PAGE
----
While nurses are strong and resilient, they can’t fix their biggest problem: a dire nursing shortage. A decade in the making, our national nursing shortage threatens our already struggling health care infrastructure. Studies have long predicted that the demand for nurses would intensify as the U.S. population aged. And just like the trends in general higher education, nursing schools have become less accessible, as many face faculty shortages, limits on enrollment, and limited space for clinical training at teaching hospitals.
And, of course, the COVID-19 pandemic only accelerated these trends. Nurses came under incredible pressure from the increase in patient numbers and acuity, and public distrust surrounding politicized vaccines and treatments, with a large number of their peers opting to leave the field due to these pandemic stressors. The nurses who remain find themselves in professional limbo, looking for ways to squeeze in continued education and professional development, manage work demands and challenges, and find a healthy work-life balance.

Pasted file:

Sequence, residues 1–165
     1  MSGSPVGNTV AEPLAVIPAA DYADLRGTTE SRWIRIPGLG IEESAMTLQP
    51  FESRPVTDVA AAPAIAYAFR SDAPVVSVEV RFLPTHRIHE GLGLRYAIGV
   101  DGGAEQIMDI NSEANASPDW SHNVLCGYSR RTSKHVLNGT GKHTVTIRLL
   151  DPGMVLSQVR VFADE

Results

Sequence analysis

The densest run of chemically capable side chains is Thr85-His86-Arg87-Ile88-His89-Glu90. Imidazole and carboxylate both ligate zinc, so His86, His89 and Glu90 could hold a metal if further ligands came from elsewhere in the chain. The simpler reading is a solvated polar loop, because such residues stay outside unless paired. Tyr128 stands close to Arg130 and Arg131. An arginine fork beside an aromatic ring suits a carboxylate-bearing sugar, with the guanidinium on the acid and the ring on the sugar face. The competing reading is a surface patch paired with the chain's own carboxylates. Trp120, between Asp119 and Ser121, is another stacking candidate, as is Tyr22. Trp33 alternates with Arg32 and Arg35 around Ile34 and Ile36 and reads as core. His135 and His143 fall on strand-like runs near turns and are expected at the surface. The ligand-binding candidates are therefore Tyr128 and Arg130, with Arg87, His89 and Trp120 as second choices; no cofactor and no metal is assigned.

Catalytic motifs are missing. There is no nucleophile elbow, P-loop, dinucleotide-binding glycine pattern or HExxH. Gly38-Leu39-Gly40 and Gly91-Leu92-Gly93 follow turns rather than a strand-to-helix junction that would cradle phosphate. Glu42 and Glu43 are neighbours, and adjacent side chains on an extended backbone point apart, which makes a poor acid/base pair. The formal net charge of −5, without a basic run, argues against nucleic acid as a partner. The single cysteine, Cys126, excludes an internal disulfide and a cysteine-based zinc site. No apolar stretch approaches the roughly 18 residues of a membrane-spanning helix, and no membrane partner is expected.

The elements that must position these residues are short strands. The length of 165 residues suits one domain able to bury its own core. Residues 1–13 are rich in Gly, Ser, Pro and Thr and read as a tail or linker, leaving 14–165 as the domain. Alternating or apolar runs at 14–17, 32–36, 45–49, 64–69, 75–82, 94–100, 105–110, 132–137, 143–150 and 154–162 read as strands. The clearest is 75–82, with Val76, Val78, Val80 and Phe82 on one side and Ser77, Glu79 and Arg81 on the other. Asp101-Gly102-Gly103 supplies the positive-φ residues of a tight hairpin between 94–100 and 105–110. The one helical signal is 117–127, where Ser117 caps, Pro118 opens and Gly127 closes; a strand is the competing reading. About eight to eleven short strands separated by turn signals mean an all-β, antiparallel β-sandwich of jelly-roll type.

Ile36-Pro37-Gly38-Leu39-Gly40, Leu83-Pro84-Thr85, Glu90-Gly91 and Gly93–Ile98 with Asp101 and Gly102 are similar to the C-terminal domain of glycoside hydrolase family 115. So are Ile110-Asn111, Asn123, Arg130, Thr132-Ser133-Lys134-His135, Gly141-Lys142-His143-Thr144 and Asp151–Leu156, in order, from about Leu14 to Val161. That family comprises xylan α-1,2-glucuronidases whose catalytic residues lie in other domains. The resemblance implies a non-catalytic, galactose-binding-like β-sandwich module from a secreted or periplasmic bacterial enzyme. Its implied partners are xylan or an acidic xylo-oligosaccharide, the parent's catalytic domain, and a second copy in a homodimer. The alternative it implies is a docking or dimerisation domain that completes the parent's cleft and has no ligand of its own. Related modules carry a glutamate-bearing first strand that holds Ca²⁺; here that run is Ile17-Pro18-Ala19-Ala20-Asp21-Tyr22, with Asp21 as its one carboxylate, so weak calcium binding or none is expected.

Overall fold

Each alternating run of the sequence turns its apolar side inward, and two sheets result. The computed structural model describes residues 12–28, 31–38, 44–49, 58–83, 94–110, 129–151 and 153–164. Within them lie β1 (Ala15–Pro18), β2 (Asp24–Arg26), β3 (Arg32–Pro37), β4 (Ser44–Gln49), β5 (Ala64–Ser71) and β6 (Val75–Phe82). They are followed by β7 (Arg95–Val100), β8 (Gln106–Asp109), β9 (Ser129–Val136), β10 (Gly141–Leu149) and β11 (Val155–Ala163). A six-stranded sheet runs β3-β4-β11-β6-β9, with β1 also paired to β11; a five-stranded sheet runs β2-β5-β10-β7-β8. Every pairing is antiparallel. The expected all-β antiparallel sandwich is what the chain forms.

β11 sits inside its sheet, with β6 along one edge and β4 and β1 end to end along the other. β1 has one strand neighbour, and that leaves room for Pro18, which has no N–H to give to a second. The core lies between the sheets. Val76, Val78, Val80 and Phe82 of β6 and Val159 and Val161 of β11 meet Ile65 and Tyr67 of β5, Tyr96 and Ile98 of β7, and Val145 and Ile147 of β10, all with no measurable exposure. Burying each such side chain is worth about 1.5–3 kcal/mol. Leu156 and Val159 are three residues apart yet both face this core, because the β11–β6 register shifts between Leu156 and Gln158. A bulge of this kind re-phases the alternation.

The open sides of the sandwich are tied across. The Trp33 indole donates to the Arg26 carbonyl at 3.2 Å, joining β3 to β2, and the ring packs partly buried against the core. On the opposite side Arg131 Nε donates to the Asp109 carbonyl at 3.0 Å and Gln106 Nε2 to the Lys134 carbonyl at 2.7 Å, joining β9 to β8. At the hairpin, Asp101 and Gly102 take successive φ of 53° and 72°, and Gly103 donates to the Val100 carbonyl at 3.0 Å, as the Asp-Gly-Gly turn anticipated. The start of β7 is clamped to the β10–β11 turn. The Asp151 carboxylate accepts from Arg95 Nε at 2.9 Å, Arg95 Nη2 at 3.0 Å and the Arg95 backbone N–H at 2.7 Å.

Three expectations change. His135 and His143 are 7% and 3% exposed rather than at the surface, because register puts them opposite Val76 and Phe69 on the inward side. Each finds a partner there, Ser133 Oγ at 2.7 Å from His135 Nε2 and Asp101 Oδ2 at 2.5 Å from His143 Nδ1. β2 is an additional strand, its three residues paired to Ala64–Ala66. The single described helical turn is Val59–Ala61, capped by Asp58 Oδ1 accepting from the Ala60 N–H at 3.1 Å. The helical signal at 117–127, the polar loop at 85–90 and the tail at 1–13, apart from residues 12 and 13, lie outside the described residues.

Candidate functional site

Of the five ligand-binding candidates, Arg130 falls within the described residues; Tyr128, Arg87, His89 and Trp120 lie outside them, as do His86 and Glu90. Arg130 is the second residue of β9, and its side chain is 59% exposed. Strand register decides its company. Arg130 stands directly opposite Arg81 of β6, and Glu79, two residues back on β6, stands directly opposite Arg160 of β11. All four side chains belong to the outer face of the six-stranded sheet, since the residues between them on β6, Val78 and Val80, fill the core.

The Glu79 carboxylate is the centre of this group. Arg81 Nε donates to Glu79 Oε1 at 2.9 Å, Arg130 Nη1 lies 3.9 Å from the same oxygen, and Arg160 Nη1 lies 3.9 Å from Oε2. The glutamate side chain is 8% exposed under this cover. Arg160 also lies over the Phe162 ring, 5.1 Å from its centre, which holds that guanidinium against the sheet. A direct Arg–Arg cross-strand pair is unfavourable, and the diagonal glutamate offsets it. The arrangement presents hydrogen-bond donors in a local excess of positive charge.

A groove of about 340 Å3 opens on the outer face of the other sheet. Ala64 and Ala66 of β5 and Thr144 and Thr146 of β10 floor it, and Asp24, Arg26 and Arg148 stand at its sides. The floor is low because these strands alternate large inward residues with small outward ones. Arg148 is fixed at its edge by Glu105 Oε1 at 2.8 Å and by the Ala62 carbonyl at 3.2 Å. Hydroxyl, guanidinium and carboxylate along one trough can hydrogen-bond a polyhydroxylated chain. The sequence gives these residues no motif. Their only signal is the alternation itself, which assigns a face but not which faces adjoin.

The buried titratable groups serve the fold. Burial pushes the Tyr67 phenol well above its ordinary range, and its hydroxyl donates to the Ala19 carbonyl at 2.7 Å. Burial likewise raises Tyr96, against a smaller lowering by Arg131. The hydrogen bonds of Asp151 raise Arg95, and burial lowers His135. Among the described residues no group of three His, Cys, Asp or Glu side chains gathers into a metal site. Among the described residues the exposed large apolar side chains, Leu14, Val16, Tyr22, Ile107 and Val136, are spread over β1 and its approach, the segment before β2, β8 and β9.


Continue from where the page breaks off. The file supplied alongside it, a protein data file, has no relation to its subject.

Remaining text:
And that is if they chose to stay. A staggering number of nurses have decided to leave. The total number of registered nurses in the workplace decreased by more than 100,000 in 2021, the most significant drop observed in four decades. The largest group to depart was nurses under 35.
We need to do everything in our power to create sustainable solutions that don’t simply “put nurses on floors” but will provide our nurses with the best possible experience, one that allows them to practice at the top of their license. The circumstances are challenging, and there’s no quick fix, but our patients, our communities, our health systems––health care itself can’t afford to continue in this direction.
At Trinity Health, we started developing solutions well before the pandemic and have seen first-hand how thoughtful solutions, informed and led by nurses, impact job satisfaction most. Programs that give nurses greater flexibility and options based on where they are in their career and what they want to do, innovative care delivery models that support their work and provide opportunities for professional development, continuing education, and alternative career pathways work.
Supporting Education and Career Advancement
Starting a career in nursing is no simple endeavor. So, when entry-level nurses are just beginning, it’s critical to jump on the moment’s excitement and encourage them to dive as deep into their new role as possible. In 2014 we collaborated with Vizient, the country’s largest member-owned health care services company, to create our Nurse Residency Program. This program helps orient entry-level nurses as they transition into practice. The evidence-based curriculum incorporates three key areas: patient outcomes, leadership, and professional development.